Every time there’s a data breach, there are thousands—perhaps millions—of people willing to pay for this leaked information. Once hackers get their hands on your log-in information, they’ll proceed to test it on thousands of websites. They’re not doing this manually, either—they have software that does it for them instantaneously. So by using the same log-in information across countless sites, when one company inevitably has a breach, you’ve given hackers the keys to all of your accounts in one fell swoop. You can find out if your account info has been leaked on the site Have I Been Pwned?
There are also people working to piece together information that they collect about you from multiple online sources into whole identities—from your photo and address to your social security number and date of birth. In the social media era, this information is surprisingly easy to gather—and as you can imagine, it’s extremely attractive to identity thieves. If a breach occurs in your company, everyone whose information is stored in your databases is exposed to a great deal of risk—and you’re exposed to a tremendous amount of liability.
Common Real Estate Cybersecurity Attacks
Here are the most common attacks that your business should familiarize itself with and protect itself against:
Common Security Attack #1: Email Scams
You’ll receive an email inviting you to participate in a scam masquerading as a fantastic deal. You can recognize this type of attack because it’ll require you to provide money or bank account info up-front—and the fact that the offer is coming from a complete stranger with questionable grammar.
Here’s an example that I pulled from my own inbox:
Common Security Attack #2: Phishing
You’ll receive a transactional email letting you know that there’s an issue with one of your accounts that requires you to sign in. However, the email is not actually from the company it claims to be from; so when you enter your account details, you’re giving sensitive data directly to a cybercriminal. Keep reading for tips on how to recognize and avert phishing scams in the next section.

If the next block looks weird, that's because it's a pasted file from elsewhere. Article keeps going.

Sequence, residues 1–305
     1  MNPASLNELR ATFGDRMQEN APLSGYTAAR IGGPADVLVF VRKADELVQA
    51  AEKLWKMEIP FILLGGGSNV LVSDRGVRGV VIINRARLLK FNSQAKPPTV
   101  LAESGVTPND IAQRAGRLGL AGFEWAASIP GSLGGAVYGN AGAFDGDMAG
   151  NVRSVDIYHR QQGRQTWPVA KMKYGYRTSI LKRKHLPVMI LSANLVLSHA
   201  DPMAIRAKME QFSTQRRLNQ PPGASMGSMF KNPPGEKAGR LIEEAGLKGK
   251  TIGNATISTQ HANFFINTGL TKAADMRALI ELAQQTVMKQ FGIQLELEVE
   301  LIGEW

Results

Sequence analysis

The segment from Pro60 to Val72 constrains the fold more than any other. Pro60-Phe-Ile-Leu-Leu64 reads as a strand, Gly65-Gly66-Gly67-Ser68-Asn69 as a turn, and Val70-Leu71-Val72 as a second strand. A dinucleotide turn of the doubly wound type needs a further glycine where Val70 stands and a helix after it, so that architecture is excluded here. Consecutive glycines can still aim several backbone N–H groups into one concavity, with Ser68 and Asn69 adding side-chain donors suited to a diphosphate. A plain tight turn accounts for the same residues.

Here’s another example from my inbox:
Common Security Attack #3: Viruses
Viruses come in a variety of forms, but they always involve you downloading a file that performs a function on your computer that you didn’t intend. A common one right now will pop up in your browser letting you know that you need to update your Flash player. However, rather than taking you to Adobe’s website to download the latest version, it’ll trick you into downloading a file from a different site (such as flash.com). Once it’s on your computer, it could cause scores of unwanted ads to pop up, steal your personal information, or more potentially dangerous actions.
Common Security Attack #4: Trojan Horses
Trojan horses, like their namesake, hide within computer program that you’ve installed so you don’t notice that they’ve snuck in. After being embedded into legitimate programs by hackers, these files install themselves onto your computer. They can then steal information, delete files, hijack your webcam, and more.
Common Security Attack #5: Botnets
Botnets are “software robots” controlled by hackers that can be used to spread malware throughout your network via emails from your device. They can also be leveraged (along with other people’s devices) as part of a distributed denial-of-service (DDoS) attack—the massive cyberattacks that occasionally take down business or government websites.
Now that you understand the dire importance of real estate cybersecurity for property managers, which measures can you take to improve? Check out Data Breach Prevention for Property Managers for step-by-step instructions on locking down your company’s data, networks, emails, mobile devices, and more.